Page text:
The Koch et al text is also used in FIN2108 Credit Analysis and Lending Management.

Reference materials

Reference materials are materials that, if accessed by students, may improve their knowledge and understanding of the material in the course and enrich their learning experience.
Hull, JC 2018, Risk management and financial institutions, 5th edn, Wiley, Hoboken, New Jersey.
Hunt, B & Terry, C 2018, Financial institutions and markets, 8th edn, Cengage Learning, Melbourne, Victoria.
Saunders, A & Cornett, M 2017, Financial institutions management: a risk management approach, 9th edn, McGraw-Hill, New York.

Student workload expectations

Activity Hours
Directed Study 36.00
Independent Study 129.00

Assessment details

Description Marks out of Wtg (%) Due Date Notes
ASSIGNMENT 30 30 26 Apr 2019 (see note 1)
QUIZZES 40 40 07 Jun 2019 (see note 2)
EXAM 30 30 End S1 (see note 3)

  1. The assignment includes a group-work presentation
  2. Four online quizzes will be conducted during the semester. Further details will be provided on the course Study Desk.
  3. This is a restricted examination. The total working time for the examination is 2 hours. The examination date will be available via UConnect when the official examination timetable has been released.

Important assessment information

  1. Attendance requirements:
    Online: There are no attendance requirements for this course. However, it is the students' responsibility to study all material provided to them or required to be accessed by them to maximise their chance of meeting the objectives of the course and to be informed of course-related activities and administration.

    On-campus: It is the students' responsibility to attend and participate appropriately in all activities (such as lectures, tutorials, laboratories and practical work) scheduled for them, and to study all material provided to them or required to be accessed by them to maximise their chance of meeting the objectives of the course and to be informed of course-related activities and administration.

  2. Requirements for students to complete each assessment item satisfactorily:
    To satisfactorily complete an individual assessment item a student must achieve at least 50% of the marks. (Depending upon the requirements in Statement 4 below, students may not have to satisfactorily complete each assessment item to receive a passing grade in this course.)

  3. Penalties for late submission of required work:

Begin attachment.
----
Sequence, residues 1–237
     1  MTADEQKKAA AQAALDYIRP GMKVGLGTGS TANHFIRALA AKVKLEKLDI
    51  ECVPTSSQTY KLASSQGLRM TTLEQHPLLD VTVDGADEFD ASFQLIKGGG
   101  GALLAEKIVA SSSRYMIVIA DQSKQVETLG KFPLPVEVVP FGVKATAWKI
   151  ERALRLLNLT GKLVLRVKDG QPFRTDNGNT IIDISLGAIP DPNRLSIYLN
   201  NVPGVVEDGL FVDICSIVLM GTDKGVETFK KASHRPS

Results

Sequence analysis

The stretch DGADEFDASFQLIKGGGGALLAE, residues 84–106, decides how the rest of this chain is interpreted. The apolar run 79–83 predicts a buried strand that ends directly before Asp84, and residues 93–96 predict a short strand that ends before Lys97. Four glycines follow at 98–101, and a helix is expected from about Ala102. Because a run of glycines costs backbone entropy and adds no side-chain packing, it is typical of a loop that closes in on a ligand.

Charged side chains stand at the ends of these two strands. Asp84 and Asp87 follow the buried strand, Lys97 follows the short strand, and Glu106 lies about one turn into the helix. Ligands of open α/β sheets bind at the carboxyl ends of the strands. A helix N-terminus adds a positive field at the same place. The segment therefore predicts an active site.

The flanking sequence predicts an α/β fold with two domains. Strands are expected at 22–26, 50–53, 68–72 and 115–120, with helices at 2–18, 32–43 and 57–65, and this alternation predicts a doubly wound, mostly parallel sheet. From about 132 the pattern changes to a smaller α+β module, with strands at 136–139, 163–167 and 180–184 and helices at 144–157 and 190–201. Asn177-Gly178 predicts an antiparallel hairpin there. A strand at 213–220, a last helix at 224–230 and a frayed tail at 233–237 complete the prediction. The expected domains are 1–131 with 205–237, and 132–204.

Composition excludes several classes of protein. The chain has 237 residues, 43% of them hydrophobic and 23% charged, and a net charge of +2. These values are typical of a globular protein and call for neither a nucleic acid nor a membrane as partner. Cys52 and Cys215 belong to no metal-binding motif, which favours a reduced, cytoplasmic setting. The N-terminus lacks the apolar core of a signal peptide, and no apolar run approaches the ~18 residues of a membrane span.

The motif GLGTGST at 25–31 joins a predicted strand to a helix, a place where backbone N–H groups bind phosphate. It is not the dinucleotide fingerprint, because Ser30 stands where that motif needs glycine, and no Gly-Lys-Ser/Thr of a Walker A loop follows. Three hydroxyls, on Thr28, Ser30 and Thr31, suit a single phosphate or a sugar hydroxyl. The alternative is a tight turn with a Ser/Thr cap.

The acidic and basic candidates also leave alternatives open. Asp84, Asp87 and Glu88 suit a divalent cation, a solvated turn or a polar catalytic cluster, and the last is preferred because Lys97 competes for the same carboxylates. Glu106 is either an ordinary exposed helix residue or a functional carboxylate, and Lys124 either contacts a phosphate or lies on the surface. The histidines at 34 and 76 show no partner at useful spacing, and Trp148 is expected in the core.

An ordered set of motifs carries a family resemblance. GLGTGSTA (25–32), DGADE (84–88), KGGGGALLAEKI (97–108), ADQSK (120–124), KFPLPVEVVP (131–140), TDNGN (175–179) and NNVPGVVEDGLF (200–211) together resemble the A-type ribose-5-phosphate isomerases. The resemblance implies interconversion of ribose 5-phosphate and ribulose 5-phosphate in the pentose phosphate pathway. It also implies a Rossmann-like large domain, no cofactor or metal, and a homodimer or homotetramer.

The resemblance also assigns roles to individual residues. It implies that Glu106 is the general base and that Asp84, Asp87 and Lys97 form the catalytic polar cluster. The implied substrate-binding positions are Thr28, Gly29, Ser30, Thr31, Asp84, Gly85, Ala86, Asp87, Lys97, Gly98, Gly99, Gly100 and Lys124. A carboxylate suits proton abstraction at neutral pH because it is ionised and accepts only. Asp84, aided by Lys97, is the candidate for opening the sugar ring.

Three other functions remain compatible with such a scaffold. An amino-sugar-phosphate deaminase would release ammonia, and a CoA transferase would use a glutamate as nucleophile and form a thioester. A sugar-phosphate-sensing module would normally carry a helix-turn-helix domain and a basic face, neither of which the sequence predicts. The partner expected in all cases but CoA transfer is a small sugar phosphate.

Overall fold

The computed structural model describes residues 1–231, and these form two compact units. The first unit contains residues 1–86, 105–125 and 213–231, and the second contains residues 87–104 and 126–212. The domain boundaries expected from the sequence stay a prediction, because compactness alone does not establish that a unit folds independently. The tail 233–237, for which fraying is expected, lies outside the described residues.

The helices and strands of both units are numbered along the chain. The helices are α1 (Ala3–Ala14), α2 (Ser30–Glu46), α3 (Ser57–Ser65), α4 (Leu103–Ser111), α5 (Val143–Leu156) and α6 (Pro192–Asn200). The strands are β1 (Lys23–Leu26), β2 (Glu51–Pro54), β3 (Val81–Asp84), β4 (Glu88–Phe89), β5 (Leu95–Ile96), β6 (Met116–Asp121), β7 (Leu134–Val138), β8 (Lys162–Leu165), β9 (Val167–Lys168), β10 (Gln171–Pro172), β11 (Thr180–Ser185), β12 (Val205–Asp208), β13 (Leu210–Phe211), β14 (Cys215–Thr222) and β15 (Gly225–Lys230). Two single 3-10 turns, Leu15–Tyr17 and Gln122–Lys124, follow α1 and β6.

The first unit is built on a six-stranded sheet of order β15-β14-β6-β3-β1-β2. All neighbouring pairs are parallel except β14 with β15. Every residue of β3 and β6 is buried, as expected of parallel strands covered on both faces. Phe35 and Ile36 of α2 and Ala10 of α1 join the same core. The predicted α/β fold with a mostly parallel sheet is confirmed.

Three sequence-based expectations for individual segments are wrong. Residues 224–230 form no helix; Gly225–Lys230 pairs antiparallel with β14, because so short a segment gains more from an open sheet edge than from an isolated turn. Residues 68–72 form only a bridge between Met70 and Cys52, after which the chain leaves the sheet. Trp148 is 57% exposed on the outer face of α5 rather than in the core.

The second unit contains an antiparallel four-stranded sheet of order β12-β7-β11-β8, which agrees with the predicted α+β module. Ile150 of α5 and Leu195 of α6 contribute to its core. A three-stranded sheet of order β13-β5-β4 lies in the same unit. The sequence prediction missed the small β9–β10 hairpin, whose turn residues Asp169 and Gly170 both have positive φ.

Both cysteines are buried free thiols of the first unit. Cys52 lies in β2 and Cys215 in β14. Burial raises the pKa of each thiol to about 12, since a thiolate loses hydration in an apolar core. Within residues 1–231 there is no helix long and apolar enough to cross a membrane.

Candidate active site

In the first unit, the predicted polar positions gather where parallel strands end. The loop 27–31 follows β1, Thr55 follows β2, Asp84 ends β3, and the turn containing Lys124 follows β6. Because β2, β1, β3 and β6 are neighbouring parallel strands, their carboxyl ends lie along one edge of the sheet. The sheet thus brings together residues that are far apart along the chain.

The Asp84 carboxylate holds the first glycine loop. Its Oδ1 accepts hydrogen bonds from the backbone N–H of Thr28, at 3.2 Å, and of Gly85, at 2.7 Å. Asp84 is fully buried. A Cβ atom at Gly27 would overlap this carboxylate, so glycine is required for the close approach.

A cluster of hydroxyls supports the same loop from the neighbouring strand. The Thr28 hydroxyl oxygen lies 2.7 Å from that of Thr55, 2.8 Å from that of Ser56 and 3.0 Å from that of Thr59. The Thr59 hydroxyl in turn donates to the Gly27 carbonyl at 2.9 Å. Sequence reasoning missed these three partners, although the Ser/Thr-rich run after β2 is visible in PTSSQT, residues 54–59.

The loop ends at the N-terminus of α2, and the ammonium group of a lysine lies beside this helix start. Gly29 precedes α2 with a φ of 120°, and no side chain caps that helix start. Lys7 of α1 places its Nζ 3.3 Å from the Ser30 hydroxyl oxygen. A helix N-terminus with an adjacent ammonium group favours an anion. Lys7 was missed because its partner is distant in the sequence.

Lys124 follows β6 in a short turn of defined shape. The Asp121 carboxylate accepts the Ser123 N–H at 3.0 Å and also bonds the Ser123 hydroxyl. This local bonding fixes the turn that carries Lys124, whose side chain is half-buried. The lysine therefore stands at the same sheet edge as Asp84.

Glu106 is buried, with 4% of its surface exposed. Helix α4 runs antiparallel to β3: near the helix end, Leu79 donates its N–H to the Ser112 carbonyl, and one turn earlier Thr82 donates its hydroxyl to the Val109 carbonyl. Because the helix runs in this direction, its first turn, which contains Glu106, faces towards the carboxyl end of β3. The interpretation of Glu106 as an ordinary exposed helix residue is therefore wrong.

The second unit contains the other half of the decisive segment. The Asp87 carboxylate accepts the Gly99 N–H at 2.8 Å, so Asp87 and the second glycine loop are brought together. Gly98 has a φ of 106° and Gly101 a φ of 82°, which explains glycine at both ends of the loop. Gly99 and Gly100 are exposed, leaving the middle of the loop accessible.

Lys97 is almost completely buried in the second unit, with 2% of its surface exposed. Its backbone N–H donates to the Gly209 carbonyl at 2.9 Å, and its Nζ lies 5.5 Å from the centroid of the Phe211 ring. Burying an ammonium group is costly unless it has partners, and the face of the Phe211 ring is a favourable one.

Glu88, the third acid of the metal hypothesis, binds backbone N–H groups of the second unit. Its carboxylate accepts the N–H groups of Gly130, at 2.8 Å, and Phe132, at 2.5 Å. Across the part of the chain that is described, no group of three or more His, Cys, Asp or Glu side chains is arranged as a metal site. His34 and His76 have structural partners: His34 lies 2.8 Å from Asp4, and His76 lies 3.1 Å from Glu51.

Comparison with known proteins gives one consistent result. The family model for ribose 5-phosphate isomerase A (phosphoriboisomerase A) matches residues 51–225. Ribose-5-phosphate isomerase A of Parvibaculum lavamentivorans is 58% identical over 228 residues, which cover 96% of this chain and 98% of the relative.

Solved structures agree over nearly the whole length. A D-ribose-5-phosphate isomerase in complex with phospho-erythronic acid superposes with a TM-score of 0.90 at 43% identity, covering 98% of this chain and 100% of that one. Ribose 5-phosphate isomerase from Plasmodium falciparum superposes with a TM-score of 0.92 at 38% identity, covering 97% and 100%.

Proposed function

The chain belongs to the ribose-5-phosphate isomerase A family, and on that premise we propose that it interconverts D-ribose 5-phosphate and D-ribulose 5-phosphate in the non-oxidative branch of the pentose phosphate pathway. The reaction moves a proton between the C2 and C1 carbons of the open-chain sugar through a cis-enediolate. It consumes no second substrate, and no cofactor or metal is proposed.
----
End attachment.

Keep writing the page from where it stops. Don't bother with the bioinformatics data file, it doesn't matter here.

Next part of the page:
Students should refer to the Assessment Procedure (point 4.2.4)

  4. Requirements for student to be awarded a passing grade in the course:
    To be assured of receiving a passing grade in a course a student must obtain at least 50% of the total weighted marks for the course.

  5. Method used to combine assessment results to attain final grade:
    The final grades for students will be assigned on the basis of the aggregate of the weighted marks obtained for each of the summative assessment items in the course.

  6. Examination information:
    This is a restricted examination. Candidates are allowed access to specific materials during the examination. The only materials that candidates may use in the examination for this course are:
    1. writing materials (non-electronic and free from material which could give the student an unfair advantage in the examination)
    2. calculators which cannot hold textual information (students must indicate on their examination paper the make and model of any calculator(s) they use during the examination).
    Students are not permitted to take mobile telephones, pagers or other electronic means of communication into the examination room.

  7. Examination period when Deferred/Supplementary examinations will be held:
    Any Deferred or Supplementary examinations for this course will be held during the next examination period.

  8. University Student Policies:
    Students should read the USQ policies: Definitions, Assessment and Student Academic Misconduct to avoid actions which might contravene University policies and practices. These policies can be found at

Assessment notes

  1. Referencing in assignments:
    Harvard (AGPS) is the referencing system required in this course. Students should use Harvard (AGPS) style in their assignments to format details of the information sources they have cited in their work. The Harvard (AGPS) style to be used is defined by the USQ Library's referencing guide at